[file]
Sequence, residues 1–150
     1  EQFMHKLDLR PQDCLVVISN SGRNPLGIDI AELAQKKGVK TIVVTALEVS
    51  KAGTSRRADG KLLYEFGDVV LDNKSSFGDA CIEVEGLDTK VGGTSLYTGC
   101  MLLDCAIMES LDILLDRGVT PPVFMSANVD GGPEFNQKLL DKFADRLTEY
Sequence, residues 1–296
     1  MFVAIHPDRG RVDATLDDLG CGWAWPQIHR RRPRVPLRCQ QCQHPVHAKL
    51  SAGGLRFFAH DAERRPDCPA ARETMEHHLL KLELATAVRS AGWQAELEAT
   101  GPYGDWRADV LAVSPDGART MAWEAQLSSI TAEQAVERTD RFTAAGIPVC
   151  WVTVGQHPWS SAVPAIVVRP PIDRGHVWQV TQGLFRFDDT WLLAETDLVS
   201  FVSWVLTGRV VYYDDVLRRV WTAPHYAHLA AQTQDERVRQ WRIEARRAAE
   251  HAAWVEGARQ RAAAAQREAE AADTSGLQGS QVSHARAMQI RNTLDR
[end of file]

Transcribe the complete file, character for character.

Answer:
Sequence, residues 1–150
     1  EQFMHKLDLR PQDCLVVISN SGRNPLGIDI AELAQKKGVK TIVVTALEVS
    51  KAGTSRRADG KLLYEFGDVV LDNKSSFGDA CIEVEGLDTK VGGTSLYTGC
   101  MLLDCAIMES LDILLDRGVT PPVFMSANVD GGPEFNQKLL DKFADRLTEY
Sequence, residues 1–296
     1  MFVAIHPDRG RVDATLDDLG CGWAWPQIHR RRPRVPLRCQ QCQHPVHAKL
    51  SAGGLRFFAH DAERRPDCPA ARETMEHHLL KLELATAVRS AGWQAELEAT
   101  GPYGDWRADV LAVSPDGART MAWEAQLSSI TAEQAVERTD RFTAAGIPVC
   151  WVTVGQHPWS SAVPAIVVRP PIDRGHVWQV TQGLFRFDDT WLLAETDLVS
   201  FVSWVLTGRV VYYDDVLRRV WTAPHYAHLA AQTQDERVRQ WRIEARRAAE
   251  HAAWVEGARQ RAAAAQREAE AADTSGLQGS QVSHARAMQI RNTLDR